Posted by Mary SnappDeputy General Counsel, Microsoft
Last week, Brad Smith wrote a post on the encouraging signs that privacy is not only on peoples’ minds but that real actions are being taken to strengthen consumers’ online privacy. Key groups helping to shape the future of online privacy are moving closer to consensus on standards and rules to better protect people’s information. And consumer groups, as well as consumers themselves, are raising their voices and urging the computing industry to work together to give people more choice and control over how information is collected and shared online.
Today, we’re showing our commitment to that evolving dialogue with the launch of several consumer-focused actions: a targeted ad campaign in two U.S. cities – Washington, D.C. and Kansas City, MO – and a new online resource for consumers that will help them learn about their privacy behaviors and take steps to shape their online personas.
Posted by Brad SmithGeneral Counsel & Executive Vice President, Legal & Corporate Affairs, Microsoft
Today, the U.S. Senate took a significant first step toward reforming our nation’s broken and outdated immigration system with the introduction of comprehensive legislation by the ‘Gang of 8’ Senators. The bipartisan bill will broaden economic prosperity in both the short and long run by increasing access to the best and brightest talent from around the world, while also providing American students and workers with additional STEM education and training opportunities.
We thank the Senators for their leadership on this proposal and look forward to continuing to help refine the legislation. Microsoft strongly hopes that the legislative process will now move forward, as a comprehensive approach will strengthen our country’s long term economy. The bill contains numerous positive reforms that are essential for the continued growth of the tech sector, such as urgently needed increases in high-skilled visas and solutions to address the extensive backlog in employment-based green cards. It also provides for increased worker portability for visas and removes outdated per country caps for green cards.
Importantly, the legislation also helps us take steps to build our American workforce by establishing a new STEM education fund. The creation of a new STEM fund will help states invest in innovative programs that will build a stronger pipeline of U.S. workers equipped with the right skills for America’s future jobs.
Yesterday, I had the opportunity to speak to the National Association of Attorneys General (NAAG) at a special summit in Maryland focused on privacy in the digital age. The summit marked a key point in a year-long initiative by NAAG President and Maryland Attorney General Douglas Gansler aimed at exploring the best ways to manage online privacy risks and how best for NAAG to apply its resources to help ensure that the Internet's major players take meaningful steps to protect privacy online. We at Microsoft definitely appreciated the leadership and work of Attorney General Gansler in making privacy a priority for his office. His goals and the goals of NAAG are very much in line with our belief that, done right, online privacy and the economic model that supports the free Web can take a big step forward.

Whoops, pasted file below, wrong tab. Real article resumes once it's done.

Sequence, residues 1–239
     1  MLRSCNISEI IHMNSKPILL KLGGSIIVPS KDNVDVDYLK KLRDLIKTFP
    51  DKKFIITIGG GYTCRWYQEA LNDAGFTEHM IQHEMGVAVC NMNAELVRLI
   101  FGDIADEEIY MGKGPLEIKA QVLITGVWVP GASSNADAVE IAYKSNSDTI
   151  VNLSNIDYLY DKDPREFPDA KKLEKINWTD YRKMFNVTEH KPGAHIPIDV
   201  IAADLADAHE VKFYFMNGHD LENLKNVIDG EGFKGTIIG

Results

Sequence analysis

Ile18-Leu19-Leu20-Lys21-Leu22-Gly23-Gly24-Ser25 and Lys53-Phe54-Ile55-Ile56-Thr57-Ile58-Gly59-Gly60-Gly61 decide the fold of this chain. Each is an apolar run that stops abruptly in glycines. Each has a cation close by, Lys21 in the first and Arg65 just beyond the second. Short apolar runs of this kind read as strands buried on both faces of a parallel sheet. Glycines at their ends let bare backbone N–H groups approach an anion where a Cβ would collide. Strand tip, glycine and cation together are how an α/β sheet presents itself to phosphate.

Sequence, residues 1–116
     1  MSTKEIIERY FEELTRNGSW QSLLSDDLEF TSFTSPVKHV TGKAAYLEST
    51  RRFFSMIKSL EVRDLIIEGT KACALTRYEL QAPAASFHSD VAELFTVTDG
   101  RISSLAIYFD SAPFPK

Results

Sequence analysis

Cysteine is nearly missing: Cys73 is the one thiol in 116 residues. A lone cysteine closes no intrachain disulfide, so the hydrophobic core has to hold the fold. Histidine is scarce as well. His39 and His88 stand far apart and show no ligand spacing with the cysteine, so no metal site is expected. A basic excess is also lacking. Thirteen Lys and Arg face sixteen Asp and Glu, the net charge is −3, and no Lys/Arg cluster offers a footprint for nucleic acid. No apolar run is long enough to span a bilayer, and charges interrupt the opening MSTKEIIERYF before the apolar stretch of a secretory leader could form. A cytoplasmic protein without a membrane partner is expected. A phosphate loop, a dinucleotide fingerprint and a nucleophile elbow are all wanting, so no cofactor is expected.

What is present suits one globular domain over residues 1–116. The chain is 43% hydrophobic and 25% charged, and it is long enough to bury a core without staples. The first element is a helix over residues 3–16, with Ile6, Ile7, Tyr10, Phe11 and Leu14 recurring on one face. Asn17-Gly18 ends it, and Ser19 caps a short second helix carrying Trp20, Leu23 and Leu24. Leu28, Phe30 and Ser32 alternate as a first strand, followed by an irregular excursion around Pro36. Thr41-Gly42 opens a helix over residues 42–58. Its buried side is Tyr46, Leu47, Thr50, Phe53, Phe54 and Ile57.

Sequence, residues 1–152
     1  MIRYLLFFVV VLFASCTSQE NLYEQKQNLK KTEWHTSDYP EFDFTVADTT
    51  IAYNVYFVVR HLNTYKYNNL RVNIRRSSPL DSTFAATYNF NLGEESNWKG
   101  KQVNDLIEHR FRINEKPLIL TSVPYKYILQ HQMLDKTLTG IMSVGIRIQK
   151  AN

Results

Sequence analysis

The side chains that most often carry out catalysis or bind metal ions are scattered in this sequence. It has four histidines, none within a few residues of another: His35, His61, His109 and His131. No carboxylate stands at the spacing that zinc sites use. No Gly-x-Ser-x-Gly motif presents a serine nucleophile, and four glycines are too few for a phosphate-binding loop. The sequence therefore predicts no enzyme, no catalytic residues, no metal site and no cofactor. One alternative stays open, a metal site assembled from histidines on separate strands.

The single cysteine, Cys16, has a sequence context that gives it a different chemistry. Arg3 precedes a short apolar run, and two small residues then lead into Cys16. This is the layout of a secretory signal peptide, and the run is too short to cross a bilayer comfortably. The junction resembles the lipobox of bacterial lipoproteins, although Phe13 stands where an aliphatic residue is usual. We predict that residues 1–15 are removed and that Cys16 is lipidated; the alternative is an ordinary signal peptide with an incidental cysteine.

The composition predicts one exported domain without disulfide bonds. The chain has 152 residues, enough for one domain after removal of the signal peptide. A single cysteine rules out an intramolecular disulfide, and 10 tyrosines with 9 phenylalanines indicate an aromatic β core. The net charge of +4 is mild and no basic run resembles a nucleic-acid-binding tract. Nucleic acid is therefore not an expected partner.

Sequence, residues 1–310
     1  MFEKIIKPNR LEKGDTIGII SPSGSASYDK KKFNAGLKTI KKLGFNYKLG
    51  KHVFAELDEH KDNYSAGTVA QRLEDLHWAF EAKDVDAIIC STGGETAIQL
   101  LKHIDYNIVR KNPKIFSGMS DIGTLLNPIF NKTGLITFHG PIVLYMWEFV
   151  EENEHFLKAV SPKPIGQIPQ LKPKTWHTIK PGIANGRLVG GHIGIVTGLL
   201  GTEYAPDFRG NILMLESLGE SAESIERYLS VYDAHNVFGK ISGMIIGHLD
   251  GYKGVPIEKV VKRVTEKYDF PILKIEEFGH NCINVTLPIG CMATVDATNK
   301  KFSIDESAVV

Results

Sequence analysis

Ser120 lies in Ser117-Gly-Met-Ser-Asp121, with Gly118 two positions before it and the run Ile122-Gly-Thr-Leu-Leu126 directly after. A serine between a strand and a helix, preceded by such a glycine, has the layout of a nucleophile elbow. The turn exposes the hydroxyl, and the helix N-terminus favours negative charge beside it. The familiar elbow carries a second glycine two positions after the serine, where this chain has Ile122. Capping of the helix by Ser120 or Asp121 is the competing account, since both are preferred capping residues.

At the outset of 2013, I wrote that this could be a pivotal year for our industry as it pertains to prioritizing people’s online privacy. Now, just a few months into the year, there is substantial cause for optimism.
New leaders with strong commitments to privacy have taken the helm at a number of key groups that will help shape the future of online privacy. Collectively, we’re continuing the hard work needed to reach consensus on standards and rules to better protect people’s information. And consumer groups, as well as consumers themselves, are raising their voices and urging the computing industry to work together to give people more choice and control over how information is collected and shared online.
Beginning next week – on April 1 – employers can start filing applications for H-1B visas for skilled workers that they are looking to hire to fill open jobs here in the U.S. Many of these potential workers are foreign-born students about to graduate in science, technology, engineering and math from U.S. universities, and are in demand to fill critical jobs in the U.S. economy.
Each year, there are only 85,000 H-1B visas available for highly skilled individuals – 65,000 visas under the regular “cap” and 20,000 for those with advanced degrees from U.S. universities.
This year, many employers and highly skilled potential workers are facing April 1 with increased anxiety since the U.S. government again expects all the H-1B visas for the upcoming fiscal year to be snatched up in the first week.
Today, we are releasing our 2012 Law Enforcement Requests Report. This is our first Law Enforcement Requests Report. It provides data on the number of requests we received from law enforcement agencies around the world relating to Microsoft online and cloud services and how we responded to those requests. All of our major online services are covered in this report, including, for example, Hotmail, Outlook.com; SkyDrive; Xbox LIVE; Microsoft Account; and Office 365. We’re also making available similar data relating to Skype, which Microsoft acquired in October 2011.
We will update this report every six months.
In recent months, there has been broadening public interest in how often law enforcement agencies request customer data from technology companies and how our industry responds to these requests. Google, Twitter and others have made important and helpful contributions to this discussion by publishing some of their data. We’ve benefited from the opportunity to learn from them and their experience, and we seek to build further on the industry’s commitment to transparency by releasing our own data today.